The amplified bands of each sample were gel eluted and were further used for sequence analysis. Junction of C-prM gene of dengue virus isolates was chosen for serotyping. Accession numbers of these 26 studied sequences are [GenBank: HQ385930-HQ385943 and HM626119-HM626130]. The length of amplified product was 403 base pairs (bp) for serotype 2 and 453 bp for serotype 3. The BLAST search was done and the sequences of serotype 2 were found close to a Sri Lankan strain [GenBank: GQ252676] with an average of 99% homology. The sequences of serotype 3 were close to a Chinese strain [GenBank: GU363549] with an average homology of 99%. These two strains were taken as prototypes for respective serotypes. The C-prM fragment of serotype 2 was found to be rich in AG composition with an average percentage of 32.7% and 25.4% respectively. The C-prM gene junction of serotype 3 was also found AG rich with an average percentage of 29.3% for A and 25.1% for G.

Further the obtained nucleotide sequences were translated using the BioEdit software. Translated results showed that amino acid tyrosine is not present in the polyprotein fragment of serotype 2. This region is rich in leucine with an average of 12.78% followed by arginine (10.64%). The polyprotein fragment of serotype 3 was found rich in leucine (12.58%) and lysine with an average of 10.67%.

Multiple sequence alignment and phylogenetic analysis of the sequences

Phylogenetic tree was conducted using the MEGA 4 software and multiple sequence alignment was deduced by using BioEdit software. A region corresponding to nt122-523 (401-bp) of the prototype was aligned for sequences of serotype 2. Similarly region of nt158-609 (451-bp) was aligned for the sequences of serotype 3. Regions of both of the serotypes were not hyper variable. No insertions or deletions were seen in the regions of both serotypes. A slight variation in nucleotide sequences and translated polyprotein sequences was observed for sequences of serotype 2. The serotype 3 sequences were almost identical and same type of polyprotein was translated from the nucleotide sequences. Phylogenetic analysis was constructed among the sequenced isolates as well with different geographical isolates sequences. The sequences were retrieved from GenBank data base and 35 diverse sequences from different geographical regions were selected for serotype 2. For serotype 3, eleven sequences from different geographical regions of the world and 3 sequences from Pakistan were selected. A 329-bp region (nt194-522 of prototype 2) for serotype 2 and 219-bp region (nt200-418 of prototype-3) for serotype 3 was chosen. On constructing the tree, the sequenced serotype 2 lied in the category of genotype IV (Figure 1). The sequences fall in genotype IV with northern Indian strains. As there are no submitted sequences of genotype II and IV for capsid region of serotype 3, so the tree was constructed using sequences from genotype I and III. But the tree clearly showed that the studied sequences of serotype 3 had genotype III (Figure 2). They fall in the same genotype with Indian strains and other three Pakistani strains from Karachi.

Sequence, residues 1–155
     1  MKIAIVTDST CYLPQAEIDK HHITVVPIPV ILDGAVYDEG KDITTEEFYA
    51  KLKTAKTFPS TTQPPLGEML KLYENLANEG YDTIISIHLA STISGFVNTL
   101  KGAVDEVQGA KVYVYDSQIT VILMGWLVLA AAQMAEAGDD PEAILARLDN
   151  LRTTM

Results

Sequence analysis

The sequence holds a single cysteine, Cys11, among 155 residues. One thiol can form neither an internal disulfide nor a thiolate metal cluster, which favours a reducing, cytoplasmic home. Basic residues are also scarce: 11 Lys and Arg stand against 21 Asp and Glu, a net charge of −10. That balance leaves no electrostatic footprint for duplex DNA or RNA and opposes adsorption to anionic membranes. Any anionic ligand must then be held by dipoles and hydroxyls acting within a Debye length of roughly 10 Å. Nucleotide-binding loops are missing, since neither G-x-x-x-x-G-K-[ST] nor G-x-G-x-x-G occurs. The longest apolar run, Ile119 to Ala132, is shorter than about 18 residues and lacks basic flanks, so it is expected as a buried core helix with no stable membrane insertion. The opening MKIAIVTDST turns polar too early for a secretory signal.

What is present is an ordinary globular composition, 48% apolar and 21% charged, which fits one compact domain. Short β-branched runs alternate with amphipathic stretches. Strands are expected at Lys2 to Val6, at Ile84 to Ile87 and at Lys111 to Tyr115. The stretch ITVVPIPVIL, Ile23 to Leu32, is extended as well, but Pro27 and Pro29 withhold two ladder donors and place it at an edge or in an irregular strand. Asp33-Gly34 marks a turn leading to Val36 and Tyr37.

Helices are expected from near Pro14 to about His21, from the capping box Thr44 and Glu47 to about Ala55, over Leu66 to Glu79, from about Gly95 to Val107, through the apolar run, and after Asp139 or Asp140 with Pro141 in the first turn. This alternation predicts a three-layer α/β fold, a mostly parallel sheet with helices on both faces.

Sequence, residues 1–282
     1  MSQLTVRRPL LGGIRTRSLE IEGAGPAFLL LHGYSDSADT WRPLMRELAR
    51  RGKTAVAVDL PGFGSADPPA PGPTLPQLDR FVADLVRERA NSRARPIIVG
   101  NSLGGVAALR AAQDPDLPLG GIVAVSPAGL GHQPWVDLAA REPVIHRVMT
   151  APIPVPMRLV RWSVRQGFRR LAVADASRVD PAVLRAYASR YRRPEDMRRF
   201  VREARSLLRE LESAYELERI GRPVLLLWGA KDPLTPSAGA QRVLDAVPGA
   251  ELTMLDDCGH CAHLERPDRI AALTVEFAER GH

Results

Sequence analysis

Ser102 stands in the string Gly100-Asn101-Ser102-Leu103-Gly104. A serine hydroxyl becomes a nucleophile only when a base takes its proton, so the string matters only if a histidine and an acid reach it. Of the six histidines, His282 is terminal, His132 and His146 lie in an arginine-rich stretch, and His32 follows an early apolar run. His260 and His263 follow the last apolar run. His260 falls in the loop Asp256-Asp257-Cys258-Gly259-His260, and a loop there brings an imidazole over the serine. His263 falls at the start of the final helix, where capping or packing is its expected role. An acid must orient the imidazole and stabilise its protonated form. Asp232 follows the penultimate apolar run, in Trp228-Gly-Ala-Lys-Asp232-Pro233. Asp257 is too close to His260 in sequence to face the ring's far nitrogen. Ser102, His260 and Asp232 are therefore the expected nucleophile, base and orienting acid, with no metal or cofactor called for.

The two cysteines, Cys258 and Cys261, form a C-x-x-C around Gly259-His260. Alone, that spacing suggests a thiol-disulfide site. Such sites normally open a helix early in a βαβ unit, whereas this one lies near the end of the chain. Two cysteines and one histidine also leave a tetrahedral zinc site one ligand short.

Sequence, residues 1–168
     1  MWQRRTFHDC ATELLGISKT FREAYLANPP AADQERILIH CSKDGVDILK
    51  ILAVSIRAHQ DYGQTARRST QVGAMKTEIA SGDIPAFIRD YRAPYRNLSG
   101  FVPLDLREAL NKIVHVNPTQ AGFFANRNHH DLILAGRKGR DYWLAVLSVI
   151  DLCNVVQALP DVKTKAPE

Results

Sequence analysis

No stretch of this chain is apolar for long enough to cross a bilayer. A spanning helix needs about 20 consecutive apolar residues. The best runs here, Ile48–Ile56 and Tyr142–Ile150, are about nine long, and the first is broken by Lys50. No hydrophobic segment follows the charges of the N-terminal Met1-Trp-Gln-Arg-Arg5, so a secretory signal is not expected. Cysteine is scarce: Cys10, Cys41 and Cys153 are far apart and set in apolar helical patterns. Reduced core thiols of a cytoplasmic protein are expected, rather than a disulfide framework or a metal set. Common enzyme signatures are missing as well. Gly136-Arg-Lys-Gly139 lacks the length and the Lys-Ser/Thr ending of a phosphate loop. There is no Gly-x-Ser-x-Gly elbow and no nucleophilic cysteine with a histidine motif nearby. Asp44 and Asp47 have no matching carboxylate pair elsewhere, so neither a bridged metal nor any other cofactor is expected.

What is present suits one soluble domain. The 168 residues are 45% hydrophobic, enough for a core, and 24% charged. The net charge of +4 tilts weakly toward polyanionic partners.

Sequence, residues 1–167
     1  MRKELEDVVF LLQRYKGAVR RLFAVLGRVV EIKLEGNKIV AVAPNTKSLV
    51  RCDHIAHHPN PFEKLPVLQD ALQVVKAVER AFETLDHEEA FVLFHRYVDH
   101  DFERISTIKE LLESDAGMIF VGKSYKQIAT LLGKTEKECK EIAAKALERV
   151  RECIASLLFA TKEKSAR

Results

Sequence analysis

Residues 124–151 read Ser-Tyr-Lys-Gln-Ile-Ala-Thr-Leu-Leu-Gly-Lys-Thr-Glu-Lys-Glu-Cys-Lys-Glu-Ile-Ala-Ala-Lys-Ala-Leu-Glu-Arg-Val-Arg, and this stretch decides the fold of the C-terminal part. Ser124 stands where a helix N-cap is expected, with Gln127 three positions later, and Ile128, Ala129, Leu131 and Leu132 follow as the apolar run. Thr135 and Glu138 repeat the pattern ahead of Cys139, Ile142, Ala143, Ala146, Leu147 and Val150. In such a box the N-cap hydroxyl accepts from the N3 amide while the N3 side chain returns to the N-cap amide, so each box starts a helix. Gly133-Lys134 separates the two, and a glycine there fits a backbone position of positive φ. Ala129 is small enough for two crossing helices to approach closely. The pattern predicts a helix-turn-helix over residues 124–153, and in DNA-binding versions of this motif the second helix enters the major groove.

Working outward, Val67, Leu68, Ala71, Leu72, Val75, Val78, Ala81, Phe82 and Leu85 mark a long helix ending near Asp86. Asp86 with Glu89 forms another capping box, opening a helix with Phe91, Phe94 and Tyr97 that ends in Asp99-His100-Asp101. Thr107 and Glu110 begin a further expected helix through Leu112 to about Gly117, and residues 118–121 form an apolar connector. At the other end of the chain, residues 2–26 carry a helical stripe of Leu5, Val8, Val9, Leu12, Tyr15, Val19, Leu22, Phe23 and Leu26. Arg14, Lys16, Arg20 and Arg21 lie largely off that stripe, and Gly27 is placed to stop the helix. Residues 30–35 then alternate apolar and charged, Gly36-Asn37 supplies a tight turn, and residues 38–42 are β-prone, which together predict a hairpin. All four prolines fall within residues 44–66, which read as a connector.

thumbnailFigure 1. Phylogenetic tree of studied sequences with geographical strains of serotype 2 generated by neighbor-joining method. The tree is based on C-prM regions (nt194-522, 329 bp) of the selected strains. Each geographical strain is abbreviated by its accession number followed by country and year of isolation.

thumbnailFigure 2. Phylogenetic tree of studied sequences with geographical strains of serotype 3 by neighbor-joining method. The tree is based on C-prM regions (nt200-418, 219 bp) of the selected strains. Each geographical strain is abbreviated by its accession number followed by country and year of isolation.

Discussion